without a diaphragm then there is normally a volume control valve on
the side of the tank that lets the pump suck in some air during
operation to maintain the air bubble in the tank.  These are a pain in
the butt, something I'd throw away at the first possible moment and
install a diaphragm or bladder-type tank.  It doesn't need an air

This "plain tank" with the air volume control valve is so obsolete
that it took some digging to find a diagram on the net.  Here's one:

The air volume control valve is fitted to the side of the tank. There
is a float inside the tank.  If the air bubble in the tank is OK then
the float hangs in the air space and the valve is sealed.  When the
air is absorbed by the water to the point where the water level rises
sufficiently to lift the float, the float rises and opens the air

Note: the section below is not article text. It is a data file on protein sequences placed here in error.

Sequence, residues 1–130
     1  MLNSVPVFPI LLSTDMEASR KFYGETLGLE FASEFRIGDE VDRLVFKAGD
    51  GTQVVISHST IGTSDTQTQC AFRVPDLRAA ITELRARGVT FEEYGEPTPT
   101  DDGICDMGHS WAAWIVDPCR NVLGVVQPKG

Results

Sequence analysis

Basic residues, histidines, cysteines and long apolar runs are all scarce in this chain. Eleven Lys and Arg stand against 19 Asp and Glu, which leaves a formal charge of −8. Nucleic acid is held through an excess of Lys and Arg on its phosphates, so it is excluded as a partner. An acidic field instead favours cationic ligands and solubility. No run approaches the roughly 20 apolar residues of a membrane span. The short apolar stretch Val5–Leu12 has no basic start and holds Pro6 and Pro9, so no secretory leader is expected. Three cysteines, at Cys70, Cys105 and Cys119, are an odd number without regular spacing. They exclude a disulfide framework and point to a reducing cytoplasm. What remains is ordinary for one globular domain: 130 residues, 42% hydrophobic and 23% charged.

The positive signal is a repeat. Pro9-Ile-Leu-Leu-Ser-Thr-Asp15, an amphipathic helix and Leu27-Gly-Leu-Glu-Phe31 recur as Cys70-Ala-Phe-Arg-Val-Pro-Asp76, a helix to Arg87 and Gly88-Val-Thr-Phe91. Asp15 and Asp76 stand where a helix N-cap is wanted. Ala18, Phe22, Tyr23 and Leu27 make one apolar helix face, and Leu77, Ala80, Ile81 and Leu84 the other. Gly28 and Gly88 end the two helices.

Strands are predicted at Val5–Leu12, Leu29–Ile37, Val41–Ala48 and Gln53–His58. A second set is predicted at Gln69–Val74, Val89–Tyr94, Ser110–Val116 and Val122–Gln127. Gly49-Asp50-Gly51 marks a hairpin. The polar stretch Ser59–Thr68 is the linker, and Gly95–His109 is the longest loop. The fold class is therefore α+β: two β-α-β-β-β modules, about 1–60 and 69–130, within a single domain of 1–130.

admittance port on the outside of the tank.  This port lets
atmospheric air enter the valve, flow through the tubing to the vacuum
port on the pump.  This port has suction on it when the pump is
running.  Therefore air is sucked into the pump and delivered to the
tank to replenish the air bubble.

This sounds simple but there are moving parts to get crudded up and of
course, the atmospheric port is a prime dirt dauber target,
particularly if the water system isn't used all the time, as with a
vacation home.

>I like to know how things work even if the repairs might be well beyond my

Same here.